Following up on a quote from Mike’s last post, “Remember, we’re not asking for you money…. we’re asking for your help.” I would go even further to say, “We’re not asking for your help… We’re asking for your brain!”
Well, not like a zombie would ask. But in a polite way we do want you to flex your grey matter. After all, it’s good for you, and maybe good for someone else too! Today’s post is one part history lesson and one part easy activity you can do to show your support.
Thanks to a tip, I was drawn to the symbolic meaning of the Crane in Japanese folklore. In little time I had learned an inspirational lesson on the crane’s significance and found a neat way to give my support.
The Red-crowned Crane, also known as the Japanese crane, is revered as a holy creature capable of living for 1,000 years. It has been said that anyone who folds 1,000 origami cranes will be granted a wish of well-being. This wish may be long life, recovery from illness, or recovery from injury.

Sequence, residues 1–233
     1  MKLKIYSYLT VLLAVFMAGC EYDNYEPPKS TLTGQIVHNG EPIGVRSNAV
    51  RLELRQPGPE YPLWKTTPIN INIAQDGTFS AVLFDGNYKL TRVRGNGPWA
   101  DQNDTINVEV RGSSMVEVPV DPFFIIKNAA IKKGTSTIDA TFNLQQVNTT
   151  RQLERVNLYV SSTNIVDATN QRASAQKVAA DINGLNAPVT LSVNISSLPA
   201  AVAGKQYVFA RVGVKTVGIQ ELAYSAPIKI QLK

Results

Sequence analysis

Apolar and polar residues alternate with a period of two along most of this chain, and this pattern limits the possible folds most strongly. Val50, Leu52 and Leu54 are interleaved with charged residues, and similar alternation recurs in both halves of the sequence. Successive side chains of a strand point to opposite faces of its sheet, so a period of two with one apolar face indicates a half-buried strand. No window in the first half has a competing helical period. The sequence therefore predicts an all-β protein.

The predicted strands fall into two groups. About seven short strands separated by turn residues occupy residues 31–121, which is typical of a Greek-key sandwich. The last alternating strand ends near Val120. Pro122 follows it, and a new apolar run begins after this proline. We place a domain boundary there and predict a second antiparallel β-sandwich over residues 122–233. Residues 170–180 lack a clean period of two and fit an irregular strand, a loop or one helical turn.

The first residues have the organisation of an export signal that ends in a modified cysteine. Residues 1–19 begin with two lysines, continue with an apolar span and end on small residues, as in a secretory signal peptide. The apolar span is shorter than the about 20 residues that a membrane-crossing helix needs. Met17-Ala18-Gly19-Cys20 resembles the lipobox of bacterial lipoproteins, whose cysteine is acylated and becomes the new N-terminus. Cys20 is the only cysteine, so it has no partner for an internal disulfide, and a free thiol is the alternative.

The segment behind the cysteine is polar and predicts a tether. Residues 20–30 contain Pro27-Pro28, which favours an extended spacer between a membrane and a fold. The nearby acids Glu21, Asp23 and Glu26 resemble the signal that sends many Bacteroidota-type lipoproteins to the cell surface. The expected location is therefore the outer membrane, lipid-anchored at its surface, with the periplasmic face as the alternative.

After learning this I began to really like the crane, it is a benevolent creature, willing to share its gifts with those in need. But, the crane demands dedication. Folding 1,000 cranes is no quick craft! At least, this is what I gathered from pictures.
Wanting to learn how to make at least one crane, and then see what happens from there, I found 1,000 cranes for Japan. After giving a small donation I chose my favorite origami paper design and set to the task of folding!
My first attempt did not go over well… I ended up making a fancy paper airplane.
After my robot was done playing, I found a helpful video, and finally a crane emerged from the square piece of paper.
I was happy. My robot missed the plane…
After making one I can only imagine the dedication it would take to make 1,000. But, earning the crane’s wish may be worth the effort.
If you are interested in making a crane check out http://www.onethousandcranesforjapan.com/ and enjoy your gift.